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Tips for Preparing for Your Overseas Relocation

Moving abroad is a life-long dream for many with the travel bug, so once the opportunity arises it’s important to do it right so that you can fully enjoy this new adventure. Once you’ve decided where you want to live, it’s time to prepare for your international move. Here are a few tips to help it all go smoothly.


Get your paperwork in order
If you’ve already secured a job in your new homeland, you’re probably well on your way. But be sure to take care of the essentials well ahead of time, as they can sometimes get bogged down in red tape: is your passport up to date? Do you need a special visa for your family members? Many countries require that official documents be certified in order to be accepted, so do your research on your new country’s requirements.  Also, be sure to register with the U.S. government telling them that you will be moving abroad and for how long. This will prevent the U.S. from asking for your taxes down the road. Your accountant should be able to help you arrange this.

If you have children, ask your child’s school for the necessary transfer certificates verifying their educational status. Be sure your doctor and dentist provide you with your medical paperwork, and do some research on health insurance options for after the move.

Prepare your pets
If your pets are moving overseas with you, they’ll likely need up-to-date vaccines and the paperwork to prove it. Start this process well ahead of time, since many countries are quite strict about allowing foreign animals to cross the border. Also, talk with your vet about how to prepare your pet for the long journey — it’s not easy for them, either.

Make a budget
Overseas relocation can be a pricey endeavor, so make sure you’re prepared by making a budget well ahead of time. Consider the expenses of hotels and meals along the way, as well as some of the intermediary expenses once you land: renting a car, buying furniture, and so on.

Be sure you also talk to your bank about your overseas move. Some banks provide international transactions free of charge, but some don’t — so be sure you won’t be getting fees every time you pay for something.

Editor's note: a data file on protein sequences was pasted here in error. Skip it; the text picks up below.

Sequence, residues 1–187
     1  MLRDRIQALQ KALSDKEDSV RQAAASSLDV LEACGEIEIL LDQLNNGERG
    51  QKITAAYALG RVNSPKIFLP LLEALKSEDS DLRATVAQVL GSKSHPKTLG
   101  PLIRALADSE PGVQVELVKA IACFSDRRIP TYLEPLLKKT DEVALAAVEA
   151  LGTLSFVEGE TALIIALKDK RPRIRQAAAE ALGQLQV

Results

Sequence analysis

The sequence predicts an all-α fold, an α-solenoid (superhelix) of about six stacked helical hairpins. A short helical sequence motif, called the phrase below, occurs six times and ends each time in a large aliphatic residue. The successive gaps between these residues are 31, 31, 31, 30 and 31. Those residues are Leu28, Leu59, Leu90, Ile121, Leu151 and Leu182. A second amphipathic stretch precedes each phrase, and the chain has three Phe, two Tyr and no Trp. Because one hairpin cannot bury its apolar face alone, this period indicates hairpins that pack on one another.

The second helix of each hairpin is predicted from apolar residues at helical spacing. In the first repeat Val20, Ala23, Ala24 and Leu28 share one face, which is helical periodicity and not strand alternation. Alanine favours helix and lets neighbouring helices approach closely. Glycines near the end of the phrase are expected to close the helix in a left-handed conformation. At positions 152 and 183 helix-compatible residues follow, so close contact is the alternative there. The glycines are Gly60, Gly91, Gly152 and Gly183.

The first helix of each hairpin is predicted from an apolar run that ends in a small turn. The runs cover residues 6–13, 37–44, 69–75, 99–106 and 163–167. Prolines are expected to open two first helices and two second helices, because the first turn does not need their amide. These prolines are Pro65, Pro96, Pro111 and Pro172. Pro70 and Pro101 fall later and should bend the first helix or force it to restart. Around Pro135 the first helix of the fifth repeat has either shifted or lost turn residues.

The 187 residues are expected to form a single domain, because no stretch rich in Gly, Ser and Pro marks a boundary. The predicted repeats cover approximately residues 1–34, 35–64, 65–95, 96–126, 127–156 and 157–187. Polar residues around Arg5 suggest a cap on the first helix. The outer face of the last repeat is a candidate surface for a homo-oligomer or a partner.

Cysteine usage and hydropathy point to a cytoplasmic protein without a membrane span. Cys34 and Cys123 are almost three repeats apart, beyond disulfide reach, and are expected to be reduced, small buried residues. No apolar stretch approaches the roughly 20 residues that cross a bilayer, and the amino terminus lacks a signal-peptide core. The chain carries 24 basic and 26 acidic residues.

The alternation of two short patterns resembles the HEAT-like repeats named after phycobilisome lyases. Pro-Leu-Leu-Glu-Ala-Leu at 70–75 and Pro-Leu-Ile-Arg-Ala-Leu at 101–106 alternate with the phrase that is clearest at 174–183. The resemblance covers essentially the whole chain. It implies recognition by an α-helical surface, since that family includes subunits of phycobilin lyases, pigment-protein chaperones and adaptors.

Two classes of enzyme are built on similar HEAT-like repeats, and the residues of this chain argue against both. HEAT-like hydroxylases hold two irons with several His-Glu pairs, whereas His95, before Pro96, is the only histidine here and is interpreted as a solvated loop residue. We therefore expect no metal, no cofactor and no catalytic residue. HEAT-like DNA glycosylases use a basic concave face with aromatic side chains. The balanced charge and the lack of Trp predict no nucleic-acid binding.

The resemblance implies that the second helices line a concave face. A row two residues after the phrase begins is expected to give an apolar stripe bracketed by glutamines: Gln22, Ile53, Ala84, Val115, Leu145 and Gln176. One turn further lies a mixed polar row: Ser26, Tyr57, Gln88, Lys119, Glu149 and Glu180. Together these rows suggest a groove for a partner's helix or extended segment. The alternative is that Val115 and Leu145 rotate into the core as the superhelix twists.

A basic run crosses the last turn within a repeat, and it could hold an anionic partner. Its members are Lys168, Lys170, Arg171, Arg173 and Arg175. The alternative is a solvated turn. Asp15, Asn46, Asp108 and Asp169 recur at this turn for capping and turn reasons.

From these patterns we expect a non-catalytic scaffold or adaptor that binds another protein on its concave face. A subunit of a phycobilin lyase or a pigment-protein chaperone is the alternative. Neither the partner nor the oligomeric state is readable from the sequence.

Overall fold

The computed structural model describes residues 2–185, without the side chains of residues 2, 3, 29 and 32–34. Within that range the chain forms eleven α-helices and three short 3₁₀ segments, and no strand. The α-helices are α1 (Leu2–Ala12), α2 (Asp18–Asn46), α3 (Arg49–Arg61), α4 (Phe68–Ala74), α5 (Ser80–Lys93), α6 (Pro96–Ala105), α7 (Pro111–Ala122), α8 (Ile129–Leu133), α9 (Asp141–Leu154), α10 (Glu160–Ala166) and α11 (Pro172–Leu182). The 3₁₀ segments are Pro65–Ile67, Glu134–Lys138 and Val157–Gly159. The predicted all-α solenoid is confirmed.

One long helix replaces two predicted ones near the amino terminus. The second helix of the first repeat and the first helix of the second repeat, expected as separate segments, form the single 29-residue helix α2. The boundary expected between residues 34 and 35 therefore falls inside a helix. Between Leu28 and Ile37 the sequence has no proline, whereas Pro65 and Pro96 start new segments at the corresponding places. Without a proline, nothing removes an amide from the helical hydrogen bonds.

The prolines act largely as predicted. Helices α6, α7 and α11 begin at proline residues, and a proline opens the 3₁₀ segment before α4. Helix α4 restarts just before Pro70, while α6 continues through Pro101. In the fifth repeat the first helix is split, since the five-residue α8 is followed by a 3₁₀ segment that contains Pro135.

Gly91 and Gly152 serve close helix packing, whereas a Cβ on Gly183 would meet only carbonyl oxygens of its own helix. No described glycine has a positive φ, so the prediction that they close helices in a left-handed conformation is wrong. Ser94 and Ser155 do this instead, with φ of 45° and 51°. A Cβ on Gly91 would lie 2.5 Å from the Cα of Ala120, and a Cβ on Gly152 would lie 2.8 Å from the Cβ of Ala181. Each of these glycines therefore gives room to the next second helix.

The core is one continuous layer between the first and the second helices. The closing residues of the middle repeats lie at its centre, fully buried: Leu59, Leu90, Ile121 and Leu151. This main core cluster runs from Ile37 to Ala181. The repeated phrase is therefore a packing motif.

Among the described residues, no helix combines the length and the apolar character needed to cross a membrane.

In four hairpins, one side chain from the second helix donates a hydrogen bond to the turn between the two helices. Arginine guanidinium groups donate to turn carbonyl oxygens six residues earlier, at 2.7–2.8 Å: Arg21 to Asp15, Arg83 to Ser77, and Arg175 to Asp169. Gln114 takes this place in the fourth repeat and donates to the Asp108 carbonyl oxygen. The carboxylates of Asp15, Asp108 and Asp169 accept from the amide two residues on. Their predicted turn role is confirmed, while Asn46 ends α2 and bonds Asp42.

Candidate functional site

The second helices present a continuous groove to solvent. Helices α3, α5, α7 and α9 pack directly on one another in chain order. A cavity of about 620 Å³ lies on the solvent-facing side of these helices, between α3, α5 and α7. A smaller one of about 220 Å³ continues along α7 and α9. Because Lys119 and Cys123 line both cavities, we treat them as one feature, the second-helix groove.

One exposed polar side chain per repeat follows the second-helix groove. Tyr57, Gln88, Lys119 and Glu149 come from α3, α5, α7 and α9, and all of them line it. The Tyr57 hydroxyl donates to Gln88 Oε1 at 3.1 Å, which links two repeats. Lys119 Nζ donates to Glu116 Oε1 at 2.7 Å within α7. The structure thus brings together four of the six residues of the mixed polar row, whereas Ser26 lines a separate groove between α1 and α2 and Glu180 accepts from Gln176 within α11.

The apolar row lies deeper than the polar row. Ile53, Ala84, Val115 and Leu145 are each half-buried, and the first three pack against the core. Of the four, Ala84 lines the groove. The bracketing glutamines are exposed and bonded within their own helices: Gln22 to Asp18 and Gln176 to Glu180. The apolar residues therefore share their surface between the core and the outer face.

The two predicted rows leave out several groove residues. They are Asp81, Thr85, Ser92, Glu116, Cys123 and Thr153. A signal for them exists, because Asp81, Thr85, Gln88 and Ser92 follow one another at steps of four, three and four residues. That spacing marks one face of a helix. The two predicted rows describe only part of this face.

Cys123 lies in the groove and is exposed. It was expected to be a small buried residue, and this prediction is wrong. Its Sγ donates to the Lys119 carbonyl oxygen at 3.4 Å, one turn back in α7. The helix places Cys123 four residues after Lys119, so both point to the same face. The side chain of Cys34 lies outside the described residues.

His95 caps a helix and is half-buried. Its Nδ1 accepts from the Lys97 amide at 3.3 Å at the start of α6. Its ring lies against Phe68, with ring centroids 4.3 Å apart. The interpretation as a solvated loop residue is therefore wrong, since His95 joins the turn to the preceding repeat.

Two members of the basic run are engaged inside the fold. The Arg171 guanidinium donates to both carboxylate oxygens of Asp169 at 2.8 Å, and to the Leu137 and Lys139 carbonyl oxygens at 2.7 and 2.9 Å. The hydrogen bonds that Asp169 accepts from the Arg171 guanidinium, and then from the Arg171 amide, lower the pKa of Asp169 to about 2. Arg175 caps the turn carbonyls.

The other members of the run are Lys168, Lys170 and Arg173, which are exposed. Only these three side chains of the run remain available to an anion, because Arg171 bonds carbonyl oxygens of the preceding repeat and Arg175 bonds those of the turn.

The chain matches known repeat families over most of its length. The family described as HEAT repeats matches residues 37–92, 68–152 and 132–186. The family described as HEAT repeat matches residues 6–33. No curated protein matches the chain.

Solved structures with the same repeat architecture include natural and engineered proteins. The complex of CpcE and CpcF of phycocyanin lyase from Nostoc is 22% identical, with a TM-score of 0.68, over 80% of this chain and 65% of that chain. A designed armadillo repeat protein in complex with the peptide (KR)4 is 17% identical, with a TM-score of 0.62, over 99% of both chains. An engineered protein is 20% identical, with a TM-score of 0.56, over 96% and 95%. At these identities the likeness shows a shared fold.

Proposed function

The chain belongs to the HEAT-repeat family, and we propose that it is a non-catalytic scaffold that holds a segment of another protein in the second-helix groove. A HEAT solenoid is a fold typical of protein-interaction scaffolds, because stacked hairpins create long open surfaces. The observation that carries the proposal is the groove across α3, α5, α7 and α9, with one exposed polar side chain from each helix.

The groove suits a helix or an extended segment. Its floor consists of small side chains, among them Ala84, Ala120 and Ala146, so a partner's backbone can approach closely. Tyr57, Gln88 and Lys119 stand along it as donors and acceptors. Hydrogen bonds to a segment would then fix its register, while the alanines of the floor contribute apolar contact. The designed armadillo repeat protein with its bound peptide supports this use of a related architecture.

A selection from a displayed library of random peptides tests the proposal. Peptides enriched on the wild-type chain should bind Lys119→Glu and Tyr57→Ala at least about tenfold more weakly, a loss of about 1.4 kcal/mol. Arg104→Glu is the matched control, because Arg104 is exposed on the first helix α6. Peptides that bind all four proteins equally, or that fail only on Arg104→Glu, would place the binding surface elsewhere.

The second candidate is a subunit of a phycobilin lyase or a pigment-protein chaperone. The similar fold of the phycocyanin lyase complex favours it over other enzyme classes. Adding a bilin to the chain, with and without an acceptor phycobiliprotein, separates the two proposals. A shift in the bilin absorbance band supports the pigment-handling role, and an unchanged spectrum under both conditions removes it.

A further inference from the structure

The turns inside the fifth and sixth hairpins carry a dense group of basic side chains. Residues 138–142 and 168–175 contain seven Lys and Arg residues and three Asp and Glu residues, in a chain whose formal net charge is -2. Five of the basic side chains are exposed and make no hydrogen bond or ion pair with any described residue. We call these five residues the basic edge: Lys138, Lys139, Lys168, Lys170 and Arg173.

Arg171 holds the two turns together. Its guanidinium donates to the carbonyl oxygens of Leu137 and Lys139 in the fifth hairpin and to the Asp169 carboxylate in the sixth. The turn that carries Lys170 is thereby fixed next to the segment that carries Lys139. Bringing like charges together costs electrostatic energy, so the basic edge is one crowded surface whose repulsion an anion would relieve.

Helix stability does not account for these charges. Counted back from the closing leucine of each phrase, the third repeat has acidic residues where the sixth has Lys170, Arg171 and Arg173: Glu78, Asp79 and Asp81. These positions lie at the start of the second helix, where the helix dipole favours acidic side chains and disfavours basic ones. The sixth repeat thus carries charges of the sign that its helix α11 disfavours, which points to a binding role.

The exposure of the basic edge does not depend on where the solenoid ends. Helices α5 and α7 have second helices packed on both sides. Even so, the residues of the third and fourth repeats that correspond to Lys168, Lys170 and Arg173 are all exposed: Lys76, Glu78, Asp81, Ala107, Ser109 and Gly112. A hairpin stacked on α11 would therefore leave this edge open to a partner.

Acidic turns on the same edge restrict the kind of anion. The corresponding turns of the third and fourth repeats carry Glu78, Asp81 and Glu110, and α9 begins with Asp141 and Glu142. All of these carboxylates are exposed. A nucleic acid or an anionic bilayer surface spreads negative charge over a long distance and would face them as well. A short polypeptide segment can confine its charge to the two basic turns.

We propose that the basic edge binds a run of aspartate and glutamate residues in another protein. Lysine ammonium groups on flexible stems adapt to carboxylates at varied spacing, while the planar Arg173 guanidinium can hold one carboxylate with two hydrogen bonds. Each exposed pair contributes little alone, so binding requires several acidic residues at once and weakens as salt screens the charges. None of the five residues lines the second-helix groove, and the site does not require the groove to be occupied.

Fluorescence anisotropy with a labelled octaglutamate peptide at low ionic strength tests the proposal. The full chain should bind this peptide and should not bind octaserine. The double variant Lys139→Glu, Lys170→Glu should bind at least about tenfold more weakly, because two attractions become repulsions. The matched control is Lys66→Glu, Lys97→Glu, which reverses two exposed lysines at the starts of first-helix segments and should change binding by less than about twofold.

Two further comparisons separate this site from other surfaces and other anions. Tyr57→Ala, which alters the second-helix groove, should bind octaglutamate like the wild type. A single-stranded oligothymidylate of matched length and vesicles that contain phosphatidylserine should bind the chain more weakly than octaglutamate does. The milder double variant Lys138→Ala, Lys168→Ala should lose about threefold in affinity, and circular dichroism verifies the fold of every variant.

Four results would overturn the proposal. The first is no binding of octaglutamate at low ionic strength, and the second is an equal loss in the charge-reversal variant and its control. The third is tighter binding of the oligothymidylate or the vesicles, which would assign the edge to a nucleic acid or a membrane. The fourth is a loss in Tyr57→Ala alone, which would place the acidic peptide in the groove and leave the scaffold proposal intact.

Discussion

Check on customs requirements
Different countries have different customs requirements that can affect what you can and can’t bring internationally. Most likely your houseplants will have to stay behind to prevent transport of pests, so find them new homes before you leave. An international moving company with experience in these matters will be able to help you determine what can be shipped and what can’t, but be sure you’re prepared with your carry-on luggage, too.

Hire an experienced international moving company
The logistics of international relocation can get complex, so be sure your moving service provider knows how to navigate it all smoothly and professionally. They will also be able to instruct you how to move your belongings in the most affordable way — though combining shipments may mean things take longer to arrive, so take that all into consideration when planning your timeline and arrival.

Learn the language
If you are moving to a foreign country with a different language, start studying in advance. Most people learn best through active practice so finding a study group or tutor in your area is a great way to be well-prepared for communicating in your new home. Create cheat-sheets for yourself and your family with some of the most basic and important phrases, and remember: kids tend to pick up new languages much easier than adults, so get them on board too.

Also, take some time to learn about customs in your new culture.  Don’t assume that European countries are all alike, and especially do your research if the culture is more foreign to you. You want to avoid all faux pas possible.

Choose someone to be your U.S. point person
It’s bound to happen: a missed bill, a forgotten item, or something that needs to be addressed back home. Make sure you appoint someone trustworthy who can take care of these things if they pop up. Add them as a signatory to a discretionary bank account (not your primary account) so they can pay for any surprise bills or expenses, especially if you’re renting our your house rather than selling it. You might even consider giving a sibling or other close relative power of attorney, though that process requires legal consult and can take some time.

Update your driver’s license
Some countries will let you drive with an International Driver’s Permit, while others will require that you apply for an in-country license. Make sure your U.S. license is up to date because you are required to carry it along with your IDP — but if you’re planning on being abroad for over a year, you may be required to take a local driving test and become certified in-country.